3 Reasons to Move to Android (and 2 Reasons Not To)

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Don’t wait for Microsoft’s end of support deadline to arrive before making any necessary mobile device updates.

The Windows operating system has dominated the rugged mobile computing space for decades, but that’s about to change. Microsoft has steadily ended support for its legacy Windows mobile platforms as it transitions users to Windows 10.

As a result, the Android OS has gained ground in the rugged mobile computing space. In part, this was because Microsoft was unsuccessful with some of its transitional mobile platforms (like Windows Phone and Windows Embedded), and Android was able to step in to the void left in the market. Additionally, more rugged device vendors have extended their offerings to include Android. Finally, large end users (e.g., Home Depot) have made investments in Android-based hardware systems.

Users with non-Android mobile devices are eventually going to have to upgrade their systems once there are no longer updates or patches available. Plus, Windows 10 is not backward-compatible with legacy solutions, so moving forward with either Windows or Android is going to require roughly the same amount of disruption and software development work.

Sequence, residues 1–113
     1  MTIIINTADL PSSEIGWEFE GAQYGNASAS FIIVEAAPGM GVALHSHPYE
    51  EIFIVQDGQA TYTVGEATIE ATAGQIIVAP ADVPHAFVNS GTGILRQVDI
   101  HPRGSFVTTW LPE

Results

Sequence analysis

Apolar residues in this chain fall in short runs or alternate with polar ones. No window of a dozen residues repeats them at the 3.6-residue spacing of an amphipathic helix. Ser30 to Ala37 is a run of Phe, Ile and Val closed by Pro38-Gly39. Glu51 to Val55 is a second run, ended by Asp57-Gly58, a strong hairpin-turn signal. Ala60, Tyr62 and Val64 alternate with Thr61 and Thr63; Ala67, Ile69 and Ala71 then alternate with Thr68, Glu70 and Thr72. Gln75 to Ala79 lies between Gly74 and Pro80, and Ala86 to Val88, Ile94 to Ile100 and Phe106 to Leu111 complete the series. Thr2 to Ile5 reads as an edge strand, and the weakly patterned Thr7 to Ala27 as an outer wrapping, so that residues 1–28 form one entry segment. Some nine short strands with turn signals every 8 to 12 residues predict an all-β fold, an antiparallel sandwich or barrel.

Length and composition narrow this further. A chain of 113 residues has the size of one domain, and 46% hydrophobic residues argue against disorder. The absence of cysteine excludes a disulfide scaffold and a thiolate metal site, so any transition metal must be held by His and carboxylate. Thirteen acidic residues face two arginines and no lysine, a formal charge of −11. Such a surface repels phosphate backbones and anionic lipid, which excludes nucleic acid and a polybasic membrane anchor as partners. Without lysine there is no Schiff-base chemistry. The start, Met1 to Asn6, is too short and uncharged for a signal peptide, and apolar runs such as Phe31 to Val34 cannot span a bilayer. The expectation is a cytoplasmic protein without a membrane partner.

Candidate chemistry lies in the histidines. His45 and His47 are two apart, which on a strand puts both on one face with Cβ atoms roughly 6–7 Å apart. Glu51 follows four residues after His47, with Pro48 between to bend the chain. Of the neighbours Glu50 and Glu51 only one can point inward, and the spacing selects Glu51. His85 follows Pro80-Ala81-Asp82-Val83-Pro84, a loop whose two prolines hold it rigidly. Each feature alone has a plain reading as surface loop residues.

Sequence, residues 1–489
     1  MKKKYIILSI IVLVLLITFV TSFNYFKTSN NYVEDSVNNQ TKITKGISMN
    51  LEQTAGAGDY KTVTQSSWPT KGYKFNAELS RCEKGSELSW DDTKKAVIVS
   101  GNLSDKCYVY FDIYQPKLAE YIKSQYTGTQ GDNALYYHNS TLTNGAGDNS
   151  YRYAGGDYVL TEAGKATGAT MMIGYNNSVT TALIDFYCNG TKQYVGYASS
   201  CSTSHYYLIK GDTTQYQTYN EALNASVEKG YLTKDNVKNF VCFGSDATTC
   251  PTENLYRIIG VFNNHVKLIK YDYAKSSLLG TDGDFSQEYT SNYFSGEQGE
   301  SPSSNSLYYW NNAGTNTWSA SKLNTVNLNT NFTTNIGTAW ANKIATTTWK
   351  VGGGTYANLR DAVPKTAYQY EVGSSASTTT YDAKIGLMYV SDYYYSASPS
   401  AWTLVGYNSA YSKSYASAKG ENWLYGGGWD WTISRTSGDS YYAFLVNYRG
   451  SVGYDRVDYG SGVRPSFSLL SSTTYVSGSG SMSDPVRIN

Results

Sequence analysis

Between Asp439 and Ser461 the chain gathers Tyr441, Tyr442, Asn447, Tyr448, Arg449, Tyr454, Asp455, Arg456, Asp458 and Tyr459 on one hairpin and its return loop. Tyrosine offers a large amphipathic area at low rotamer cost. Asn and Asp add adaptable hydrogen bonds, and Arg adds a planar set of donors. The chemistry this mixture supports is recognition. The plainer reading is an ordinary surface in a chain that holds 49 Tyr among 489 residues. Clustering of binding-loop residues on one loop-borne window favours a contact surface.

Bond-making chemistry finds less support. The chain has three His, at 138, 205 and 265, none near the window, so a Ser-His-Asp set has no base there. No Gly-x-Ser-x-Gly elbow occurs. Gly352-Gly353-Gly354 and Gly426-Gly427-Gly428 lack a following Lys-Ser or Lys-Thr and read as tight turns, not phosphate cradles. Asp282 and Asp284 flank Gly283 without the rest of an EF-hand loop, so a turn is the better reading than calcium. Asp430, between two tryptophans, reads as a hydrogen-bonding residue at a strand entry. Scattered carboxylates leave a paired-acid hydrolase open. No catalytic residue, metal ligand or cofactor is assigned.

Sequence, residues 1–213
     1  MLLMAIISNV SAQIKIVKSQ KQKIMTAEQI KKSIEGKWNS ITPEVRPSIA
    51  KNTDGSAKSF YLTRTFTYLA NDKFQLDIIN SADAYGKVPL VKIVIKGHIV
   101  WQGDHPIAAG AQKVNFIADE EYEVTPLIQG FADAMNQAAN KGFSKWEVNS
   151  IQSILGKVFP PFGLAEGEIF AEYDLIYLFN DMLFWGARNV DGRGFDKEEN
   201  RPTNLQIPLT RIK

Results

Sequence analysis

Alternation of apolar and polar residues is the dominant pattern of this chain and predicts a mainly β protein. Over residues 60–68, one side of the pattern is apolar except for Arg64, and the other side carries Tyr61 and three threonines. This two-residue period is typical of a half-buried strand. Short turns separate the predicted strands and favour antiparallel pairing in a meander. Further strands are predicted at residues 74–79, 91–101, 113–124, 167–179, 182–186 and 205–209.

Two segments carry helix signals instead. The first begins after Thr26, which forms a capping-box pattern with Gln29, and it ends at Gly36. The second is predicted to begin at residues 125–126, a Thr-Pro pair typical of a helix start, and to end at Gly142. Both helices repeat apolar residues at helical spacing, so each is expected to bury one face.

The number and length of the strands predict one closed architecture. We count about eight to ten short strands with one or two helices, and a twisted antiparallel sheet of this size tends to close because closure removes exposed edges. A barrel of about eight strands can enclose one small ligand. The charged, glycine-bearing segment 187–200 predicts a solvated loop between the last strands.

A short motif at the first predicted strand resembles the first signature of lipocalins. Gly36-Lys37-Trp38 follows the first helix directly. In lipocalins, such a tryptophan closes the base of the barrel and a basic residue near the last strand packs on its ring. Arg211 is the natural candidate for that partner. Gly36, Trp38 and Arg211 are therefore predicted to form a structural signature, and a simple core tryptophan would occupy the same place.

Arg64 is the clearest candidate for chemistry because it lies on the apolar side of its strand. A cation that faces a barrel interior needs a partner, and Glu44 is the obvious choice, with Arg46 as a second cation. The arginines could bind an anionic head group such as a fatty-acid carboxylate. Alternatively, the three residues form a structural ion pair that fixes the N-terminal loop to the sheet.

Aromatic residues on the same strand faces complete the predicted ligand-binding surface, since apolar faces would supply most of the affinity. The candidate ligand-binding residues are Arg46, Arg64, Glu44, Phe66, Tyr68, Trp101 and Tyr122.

Users with non-Android mobile devices are eventually going to have to upgrade their systems once there are no longer updates or patches available.

Given that, there are a number of benefits that Android presents that are worth exploring as companies consider what their next mobile refresh cycle will look like. Three of the most important reasons to consider switching to Android include:

1 – Microsoft is Moving Away from Mobile

Because Microsoft’s mobility strategy has been in flux for several years, development and support have lagged, and some solutions have wound up following dead-end paths as Microsoft has pulled the support plug on various platforms.

Early on, ISVs struggled to make a good business case for Windows 10. As a result, development of Android-based rugged devices and solutions has expanded and grown stronger while progress on new Windows-based solutions has slowed.

In January 2019, Microsoft finally announced it was going to wind down support for Windows 10 Mobile (the successor of Windows Phone), finally ceding the consumer phone market to Android and Apple. In fact, Microsoft has also introduced updates that make it easier to use Android phones with Windows desktop systems.